I'm just suggesting that people stop assuming the answers and figure out what it all adds up to. I think it adds up to a whole lot less than other people do but I'm no longer in the game and if folks believe it's useful and a good way to use resources--by all means, I wish everyone great good luck.

But 25% support, flat-lined for years, is not evidence of great support and an increasing base for effective opposition and folks might want to consider what that means.

Losing for the sake of losing or because no one has any other idea what to do when an election rolls around has never struck me as a very good political strategy. Perhaps it really might make sense to find a more effective way to call out abusive principals. Perhaps there might be another way to communicate with "real teachers" beyond blogging and Facebooking to each other and believing that it adds up to something.

What we've been doing most definitely doesn't work. When something doesn't work most people try to find something else to do. Everyone except opposition caucuses in the UFT.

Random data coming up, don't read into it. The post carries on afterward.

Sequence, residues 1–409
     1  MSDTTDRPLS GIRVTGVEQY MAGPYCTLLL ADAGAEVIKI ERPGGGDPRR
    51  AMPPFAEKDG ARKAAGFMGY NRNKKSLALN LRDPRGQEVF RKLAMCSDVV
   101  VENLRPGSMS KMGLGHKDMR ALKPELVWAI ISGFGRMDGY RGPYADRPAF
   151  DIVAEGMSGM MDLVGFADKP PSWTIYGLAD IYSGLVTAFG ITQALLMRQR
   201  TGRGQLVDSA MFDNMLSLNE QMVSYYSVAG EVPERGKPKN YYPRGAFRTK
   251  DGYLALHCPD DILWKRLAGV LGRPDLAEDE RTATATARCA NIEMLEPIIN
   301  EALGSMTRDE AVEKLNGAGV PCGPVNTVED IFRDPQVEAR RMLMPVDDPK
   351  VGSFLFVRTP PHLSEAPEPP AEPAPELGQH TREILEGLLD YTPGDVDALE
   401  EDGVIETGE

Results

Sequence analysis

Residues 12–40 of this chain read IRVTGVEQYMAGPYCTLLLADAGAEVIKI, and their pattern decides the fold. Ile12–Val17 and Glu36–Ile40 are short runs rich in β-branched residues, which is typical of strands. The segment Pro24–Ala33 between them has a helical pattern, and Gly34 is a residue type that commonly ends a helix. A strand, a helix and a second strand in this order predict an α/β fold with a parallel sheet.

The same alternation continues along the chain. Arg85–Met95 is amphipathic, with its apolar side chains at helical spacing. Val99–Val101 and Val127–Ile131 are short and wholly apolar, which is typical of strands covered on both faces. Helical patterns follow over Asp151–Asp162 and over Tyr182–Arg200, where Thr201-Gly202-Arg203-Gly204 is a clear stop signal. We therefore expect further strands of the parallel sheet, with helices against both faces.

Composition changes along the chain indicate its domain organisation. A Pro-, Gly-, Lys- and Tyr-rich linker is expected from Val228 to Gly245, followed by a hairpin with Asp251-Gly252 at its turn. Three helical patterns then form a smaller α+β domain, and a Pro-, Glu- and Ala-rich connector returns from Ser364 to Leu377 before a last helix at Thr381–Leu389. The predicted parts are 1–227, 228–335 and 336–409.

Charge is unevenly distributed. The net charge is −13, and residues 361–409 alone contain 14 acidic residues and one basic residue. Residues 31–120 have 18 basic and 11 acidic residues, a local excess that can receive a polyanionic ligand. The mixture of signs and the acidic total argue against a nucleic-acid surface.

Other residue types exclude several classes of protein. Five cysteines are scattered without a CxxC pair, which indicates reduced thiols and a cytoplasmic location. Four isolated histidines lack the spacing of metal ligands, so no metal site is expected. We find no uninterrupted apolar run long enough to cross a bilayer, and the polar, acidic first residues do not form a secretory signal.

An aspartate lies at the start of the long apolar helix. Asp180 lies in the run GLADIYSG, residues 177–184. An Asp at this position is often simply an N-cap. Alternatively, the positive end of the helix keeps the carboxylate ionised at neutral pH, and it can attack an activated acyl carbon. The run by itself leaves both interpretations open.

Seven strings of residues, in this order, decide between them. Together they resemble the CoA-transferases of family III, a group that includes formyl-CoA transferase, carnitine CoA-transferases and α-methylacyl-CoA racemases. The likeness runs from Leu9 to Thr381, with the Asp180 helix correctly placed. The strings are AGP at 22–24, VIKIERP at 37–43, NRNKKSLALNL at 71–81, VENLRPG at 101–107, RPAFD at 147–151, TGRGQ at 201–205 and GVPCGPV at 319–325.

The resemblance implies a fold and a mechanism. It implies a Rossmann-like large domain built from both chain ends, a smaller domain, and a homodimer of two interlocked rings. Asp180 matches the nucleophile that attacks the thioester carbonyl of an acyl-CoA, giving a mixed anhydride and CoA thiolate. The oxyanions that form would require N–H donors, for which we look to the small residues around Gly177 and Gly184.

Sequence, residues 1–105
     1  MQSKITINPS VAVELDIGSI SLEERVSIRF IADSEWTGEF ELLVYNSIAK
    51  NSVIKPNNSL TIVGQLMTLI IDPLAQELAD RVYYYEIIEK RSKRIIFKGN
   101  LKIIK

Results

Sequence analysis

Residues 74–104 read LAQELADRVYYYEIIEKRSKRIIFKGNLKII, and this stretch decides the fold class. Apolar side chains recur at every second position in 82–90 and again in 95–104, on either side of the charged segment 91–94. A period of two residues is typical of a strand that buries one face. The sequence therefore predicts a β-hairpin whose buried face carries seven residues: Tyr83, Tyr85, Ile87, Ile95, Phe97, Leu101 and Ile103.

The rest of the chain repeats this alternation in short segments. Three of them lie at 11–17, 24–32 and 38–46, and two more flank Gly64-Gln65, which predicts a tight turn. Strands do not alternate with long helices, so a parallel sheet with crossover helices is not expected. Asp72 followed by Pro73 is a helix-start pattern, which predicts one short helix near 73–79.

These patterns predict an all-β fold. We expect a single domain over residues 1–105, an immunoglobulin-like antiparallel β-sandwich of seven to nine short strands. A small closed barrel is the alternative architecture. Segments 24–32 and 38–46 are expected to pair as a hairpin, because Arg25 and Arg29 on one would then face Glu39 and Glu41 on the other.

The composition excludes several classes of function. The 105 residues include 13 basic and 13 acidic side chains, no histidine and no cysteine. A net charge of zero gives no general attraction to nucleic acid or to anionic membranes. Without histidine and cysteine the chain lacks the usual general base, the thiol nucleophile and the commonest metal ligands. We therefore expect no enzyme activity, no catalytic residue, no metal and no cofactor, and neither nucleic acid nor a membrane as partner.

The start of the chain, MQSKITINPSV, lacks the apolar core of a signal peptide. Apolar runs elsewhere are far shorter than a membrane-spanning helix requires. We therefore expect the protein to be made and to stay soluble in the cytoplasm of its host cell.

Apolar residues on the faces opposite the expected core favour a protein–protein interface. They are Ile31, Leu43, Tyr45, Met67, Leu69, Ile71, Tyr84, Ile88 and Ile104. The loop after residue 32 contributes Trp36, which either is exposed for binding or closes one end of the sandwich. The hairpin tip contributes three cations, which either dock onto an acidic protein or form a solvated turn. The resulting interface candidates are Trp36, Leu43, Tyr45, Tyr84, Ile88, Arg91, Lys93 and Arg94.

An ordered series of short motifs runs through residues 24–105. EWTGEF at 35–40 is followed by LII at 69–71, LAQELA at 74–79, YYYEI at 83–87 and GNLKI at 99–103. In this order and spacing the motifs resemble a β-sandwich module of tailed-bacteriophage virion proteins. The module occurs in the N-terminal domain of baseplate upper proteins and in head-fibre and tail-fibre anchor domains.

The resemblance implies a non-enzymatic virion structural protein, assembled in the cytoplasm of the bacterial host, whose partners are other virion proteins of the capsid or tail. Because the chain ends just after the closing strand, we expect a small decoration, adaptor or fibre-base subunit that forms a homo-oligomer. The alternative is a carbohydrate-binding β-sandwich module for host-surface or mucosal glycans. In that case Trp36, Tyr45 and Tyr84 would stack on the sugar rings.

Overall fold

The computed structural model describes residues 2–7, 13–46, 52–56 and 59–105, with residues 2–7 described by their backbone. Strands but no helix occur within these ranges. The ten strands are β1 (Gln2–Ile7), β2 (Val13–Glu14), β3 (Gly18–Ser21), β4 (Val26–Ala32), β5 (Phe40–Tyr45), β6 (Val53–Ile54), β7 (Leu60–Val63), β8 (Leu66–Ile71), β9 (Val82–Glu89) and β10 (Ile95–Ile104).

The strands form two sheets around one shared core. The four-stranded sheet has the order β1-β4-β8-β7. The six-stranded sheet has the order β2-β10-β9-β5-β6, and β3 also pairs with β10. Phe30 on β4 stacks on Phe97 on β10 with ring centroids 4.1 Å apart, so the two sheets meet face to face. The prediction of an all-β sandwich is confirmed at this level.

That may sound very harsh and I'm sorry if it is. But it's not for me to suggest what else to do at this point in my life and career. It's for teachers in their 30s and 40s who will have to live with the system they work in for another 20 or 30 years and who may watch their union collapse around them during the next five or ten years to figure out. But doing the same thing over and over because that's all anyone can figure out what to do--well, that seems just pointless to me.

James Eterno said...

Your points make sense but what is the alternative? We can give up like most sensible people would do. It is an uneven playing field for sure. The result of us walking away is Unity would be thrilled not to have us challenging them. I am glad Artur, Mike and the others are challenging Unity at the Exec Bd meetings nobody knows about except us inside baseball folks.

Anonymous said...

The alternative Long Island Locals now have LIFE, Long Island Federation of Educators. Right now the group is in its infancy but looking to expand. The goal, to explore alternatives to NYSUT that better meet the needs of the membership in Long Island Locals. NYSUT will listen or locals will be prepared to walk. Worst case scenario collapse the whole thing when Friederichs II becomes the law of the land and rebuild from scratch. Hope not. Change is coming one way or another. the newly elected officers can work with us or not but the party is coming to an end.